Founded and run by British designer Beth Travers, BOBO1325 is a boutique design studio specialising in bespoke wallpaper and surface pattern designs.
A: You specialise in creating unique, contemporary patterns with a surrealist twist. How did you come up with your designs and who are you influenced by in the wider arts world?
BT: I find myself constantly inspired by the world around me, from global events to the rolling hills. The shooting of “Cecil” the lion, climate change and extinction sparked for instance my Before They Pass Away collection; it’s a message that if we change our thinking we can change the world – before it’s too late. Fleurassic Park is about gender equality; it’s designed for the girls that love the dinosaurs and the boys that love flowers. Our diversity and celebration of different cultures, animals, lands is our strength – we have so much to learn not just about ourselves but from each other.
The prospect of that, to me, sounds exciting. Life is about living, learning and exploring, make the most of it and soak up everything that you possibly can. I have another design, Hebdo, which was created after the terror attack on the Charlie Hebdo office in Paris – like all acts of terror and violence, I was shocked to the core and felt a profound sense of sadness. I felt this attack more acutely because those men and women were targeted that day for using their artistic license, which thousands of artists before them had been using. It’s our job in the creative industry to use our voices whether it is with words, art or design. We’re seeing this more and more throughout the media with recent political events.
When it comes to the wider arts for me you can’t go wrong with Timorous Beasties, Florence Broadhurst, Dali, DainNYC, Faile, Jean Michel Basquiat with a liberal dose of Bruce Springsteen! Brexit and Witchcraft in the desert inspire my upcoming collections. Both designs will be launching at Decorex 2017 in September.
A: Why do you think that it is important to pay attention to interior design, and as such, craft the spaces in which we live our daily lives?
BT: I think it’s important to know the trends and styles to see where people are leaning and what they’re influenced by … to an extent. Interior design differs from fashion because it’s much more personal. Your favourite dress is your favourite dress for a season, or maybe two. But there is something truly special when you design for interiors as you are given this incredible gift of being a part of someone’s dream, whether it be for a commercial, hospitality or a residential client, its humbling that someone chooses work that you have created and dreamed up to play a role in their space and safe haven.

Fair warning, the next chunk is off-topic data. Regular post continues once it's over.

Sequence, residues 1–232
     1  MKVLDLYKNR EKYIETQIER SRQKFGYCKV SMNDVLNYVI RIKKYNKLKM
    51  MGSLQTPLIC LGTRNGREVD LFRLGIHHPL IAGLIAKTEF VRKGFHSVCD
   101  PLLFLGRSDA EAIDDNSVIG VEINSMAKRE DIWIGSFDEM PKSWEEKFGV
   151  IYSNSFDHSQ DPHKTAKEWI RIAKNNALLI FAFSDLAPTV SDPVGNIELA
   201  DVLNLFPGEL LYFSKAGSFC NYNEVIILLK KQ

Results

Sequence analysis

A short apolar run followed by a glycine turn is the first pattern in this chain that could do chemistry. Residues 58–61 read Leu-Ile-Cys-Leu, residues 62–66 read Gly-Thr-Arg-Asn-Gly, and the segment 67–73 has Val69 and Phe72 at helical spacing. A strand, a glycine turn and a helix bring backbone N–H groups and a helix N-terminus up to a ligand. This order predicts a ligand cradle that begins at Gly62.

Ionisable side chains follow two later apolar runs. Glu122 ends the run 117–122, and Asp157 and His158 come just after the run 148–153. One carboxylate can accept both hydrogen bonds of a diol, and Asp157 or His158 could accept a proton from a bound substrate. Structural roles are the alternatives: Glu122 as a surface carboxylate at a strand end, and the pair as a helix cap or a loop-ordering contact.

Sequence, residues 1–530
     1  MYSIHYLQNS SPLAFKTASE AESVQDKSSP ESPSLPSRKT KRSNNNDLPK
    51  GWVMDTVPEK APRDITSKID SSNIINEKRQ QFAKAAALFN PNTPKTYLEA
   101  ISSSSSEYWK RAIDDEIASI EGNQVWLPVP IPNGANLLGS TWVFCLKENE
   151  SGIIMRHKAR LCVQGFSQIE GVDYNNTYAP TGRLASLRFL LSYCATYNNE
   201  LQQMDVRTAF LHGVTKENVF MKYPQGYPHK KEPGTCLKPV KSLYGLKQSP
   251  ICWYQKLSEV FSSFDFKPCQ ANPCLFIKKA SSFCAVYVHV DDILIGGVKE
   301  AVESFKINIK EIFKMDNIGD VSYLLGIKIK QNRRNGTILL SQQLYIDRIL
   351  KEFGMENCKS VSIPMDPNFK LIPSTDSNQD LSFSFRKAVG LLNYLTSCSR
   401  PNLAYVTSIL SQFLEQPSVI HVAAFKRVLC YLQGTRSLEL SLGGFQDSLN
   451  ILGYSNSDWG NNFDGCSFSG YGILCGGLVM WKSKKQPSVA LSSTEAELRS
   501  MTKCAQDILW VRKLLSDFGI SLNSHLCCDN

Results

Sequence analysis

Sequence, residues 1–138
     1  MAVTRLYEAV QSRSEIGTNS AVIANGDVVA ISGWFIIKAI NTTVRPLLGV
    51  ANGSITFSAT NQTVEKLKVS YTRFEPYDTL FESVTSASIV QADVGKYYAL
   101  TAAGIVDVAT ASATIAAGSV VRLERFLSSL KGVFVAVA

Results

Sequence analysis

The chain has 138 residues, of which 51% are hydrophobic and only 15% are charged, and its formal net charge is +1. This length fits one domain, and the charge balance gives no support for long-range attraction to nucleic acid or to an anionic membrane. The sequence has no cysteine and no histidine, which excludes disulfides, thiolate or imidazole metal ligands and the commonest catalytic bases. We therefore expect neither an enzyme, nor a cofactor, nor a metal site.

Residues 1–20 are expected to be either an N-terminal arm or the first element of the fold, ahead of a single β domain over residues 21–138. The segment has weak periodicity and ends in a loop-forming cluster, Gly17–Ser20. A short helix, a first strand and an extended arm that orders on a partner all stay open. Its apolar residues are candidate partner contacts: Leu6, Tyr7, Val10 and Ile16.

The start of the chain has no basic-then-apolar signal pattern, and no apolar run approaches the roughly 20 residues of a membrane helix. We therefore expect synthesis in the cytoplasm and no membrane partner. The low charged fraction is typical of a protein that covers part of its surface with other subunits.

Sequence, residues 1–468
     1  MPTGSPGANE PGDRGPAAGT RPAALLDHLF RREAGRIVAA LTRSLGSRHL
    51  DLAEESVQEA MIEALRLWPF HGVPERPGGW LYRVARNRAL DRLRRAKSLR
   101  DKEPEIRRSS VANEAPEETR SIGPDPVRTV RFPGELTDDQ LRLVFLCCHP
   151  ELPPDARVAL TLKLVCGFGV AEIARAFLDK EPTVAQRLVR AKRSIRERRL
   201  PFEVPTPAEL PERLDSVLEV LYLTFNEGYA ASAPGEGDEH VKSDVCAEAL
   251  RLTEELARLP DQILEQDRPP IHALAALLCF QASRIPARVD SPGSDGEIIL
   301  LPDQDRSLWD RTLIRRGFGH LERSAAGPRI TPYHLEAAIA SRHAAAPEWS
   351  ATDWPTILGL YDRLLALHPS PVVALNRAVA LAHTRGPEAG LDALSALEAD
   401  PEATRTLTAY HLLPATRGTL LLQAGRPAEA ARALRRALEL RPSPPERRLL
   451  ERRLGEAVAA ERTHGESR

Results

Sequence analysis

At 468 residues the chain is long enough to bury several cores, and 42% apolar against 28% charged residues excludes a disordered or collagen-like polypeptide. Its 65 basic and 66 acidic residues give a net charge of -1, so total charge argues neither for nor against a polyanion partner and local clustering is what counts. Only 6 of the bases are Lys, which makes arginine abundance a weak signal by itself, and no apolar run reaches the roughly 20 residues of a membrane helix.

A: How do you combine different disciplines in your designs, for example graphic design, illustration, fine art and fashion photography?
BT: Surface pattern design encompasses so many design disciplines from graphic design, illustration, fine art, mixed media, and photography. The sky really is the limit, I believe in utilising these tools to create designs that are full of depth, they have a story to them, you know? The more you look the more you see. To this day, I still have clients telling me that they’ve discovered something new. It’s more than just creating a vectored motif. Its art – and that has no limitations. William Morris blazed the trail of this industry and I think with the digital age while it’s so dynamic and exciting it’s very easy to lose that handmade edge. I create designs that are a healthy mix of old and new techniques.
A: All your designs are constructed from illustrations, textures, mixed media and photography. How do these initial ideas begin to form a larger piece of work?
BT: Marc Jacobs once said: “I always find beauty in things that are odd and imperfect – they are much more interesting.” That statement truly resonates with me. One of my hobbies is to go urban exploring – I am truly fascinated by buildings that have just been left for nature to reclaim. I photograph them and those images are then manipulated to create textures and shapes that weave through my designs, it’s giving those abandoned spaces a brand new chapter, their story isn’t over because they form a brand new story that will be in a brand new space anywhere in the world.
Photography is always my baseline, I’d love to take some time out to travel and explore brand new venues whose stories have been forgotten. Up next it’s the mixed media, Illustration work and screen-printing. When I design, it’ s about creating that vibrant and exciting visual story, composing designs that are full of depth and intrigue. They can set the scene or blend seamlessly into the tale that the client is already unfolding.
1. The Key to Change. Courtesy of Bobo1325.